In certain computer programming languages, the Elvis operator, often written
?:, is a binary operator that returns its first operand if that operand evaluates to a true value, and otherwise evaluates and returns its second operand.
For example in Kotlin,
foo ?: bar will yield
foo is not
bar if otherwise.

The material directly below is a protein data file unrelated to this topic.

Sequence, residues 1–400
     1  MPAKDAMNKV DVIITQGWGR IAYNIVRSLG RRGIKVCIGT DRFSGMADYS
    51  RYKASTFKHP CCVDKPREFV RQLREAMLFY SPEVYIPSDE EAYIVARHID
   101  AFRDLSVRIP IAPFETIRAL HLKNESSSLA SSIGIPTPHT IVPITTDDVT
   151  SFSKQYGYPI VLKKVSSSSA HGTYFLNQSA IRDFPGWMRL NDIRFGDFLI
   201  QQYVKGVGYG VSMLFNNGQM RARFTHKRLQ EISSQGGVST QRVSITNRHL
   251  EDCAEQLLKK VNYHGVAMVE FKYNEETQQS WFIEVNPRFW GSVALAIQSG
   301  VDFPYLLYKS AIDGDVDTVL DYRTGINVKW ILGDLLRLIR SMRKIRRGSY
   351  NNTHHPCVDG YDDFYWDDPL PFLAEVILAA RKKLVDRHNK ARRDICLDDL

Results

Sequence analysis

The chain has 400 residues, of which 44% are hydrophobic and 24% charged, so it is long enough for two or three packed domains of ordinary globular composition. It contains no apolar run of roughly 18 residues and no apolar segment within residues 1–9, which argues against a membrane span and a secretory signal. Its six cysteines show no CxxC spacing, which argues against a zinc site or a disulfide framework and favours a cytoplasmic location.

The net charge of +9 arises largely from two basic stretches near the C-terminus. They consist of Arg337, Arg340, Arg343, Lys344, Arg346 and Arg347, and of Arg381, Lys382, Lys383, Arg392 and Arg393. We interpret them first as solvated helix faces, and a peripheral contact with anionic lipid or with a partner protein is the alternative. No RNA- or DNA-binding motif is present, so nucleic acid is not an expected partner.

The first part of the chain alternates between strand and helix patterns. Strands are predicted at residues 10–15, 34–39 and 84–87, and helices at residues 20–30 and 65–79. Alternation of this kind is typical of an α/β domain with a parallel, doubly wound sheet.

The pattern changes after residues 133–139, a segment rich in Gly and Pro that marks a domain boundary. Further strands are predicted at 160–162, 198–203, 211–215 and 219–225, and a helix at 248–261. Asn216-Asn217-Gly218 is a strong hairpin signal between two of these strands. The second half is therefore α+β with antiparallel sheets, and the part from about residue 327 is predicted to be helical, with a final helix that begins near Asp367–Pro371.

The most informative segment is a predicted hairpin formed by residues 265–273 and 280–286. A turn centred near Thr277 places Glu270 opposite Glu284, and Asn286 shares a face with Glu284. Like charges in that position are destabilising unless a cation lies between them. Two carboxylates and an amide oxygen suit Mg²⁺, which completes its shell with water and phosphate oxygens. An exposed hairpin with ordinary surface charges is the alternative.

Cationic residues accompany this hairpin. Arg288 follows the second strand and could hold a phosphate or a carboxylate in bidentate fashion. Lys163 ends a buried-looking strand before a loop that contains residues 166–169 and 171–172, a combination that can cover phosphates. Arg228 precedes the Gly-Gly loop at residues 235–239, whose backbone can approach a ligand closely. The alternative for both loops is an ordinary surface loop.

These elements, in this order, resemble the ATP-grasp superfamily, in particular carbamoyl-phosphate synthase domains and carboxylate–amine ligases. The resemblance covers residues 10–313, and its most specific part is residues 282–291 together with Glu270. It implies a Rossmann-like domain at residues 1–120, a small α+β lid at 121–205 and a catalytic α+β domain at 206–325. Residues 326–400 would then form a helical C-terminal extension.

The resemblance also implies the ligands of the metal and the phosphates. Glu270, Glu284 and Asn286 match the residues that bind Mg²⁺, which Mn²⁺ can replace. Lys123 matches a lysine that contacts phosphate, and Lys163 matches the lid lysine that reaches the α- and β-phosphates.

Seeing how few languages support this, made me wonder: why don't more languages adopt this operator? AFAIK, short-circuit or
|| yields the same for some languages, but in C for example, the result of
|| will always be a boolean, so it won't work. Also, the Elvis operator looks more concise than short-circuit or
|| and the ternary counterpart:
A ? A : B.
So why is it not more common?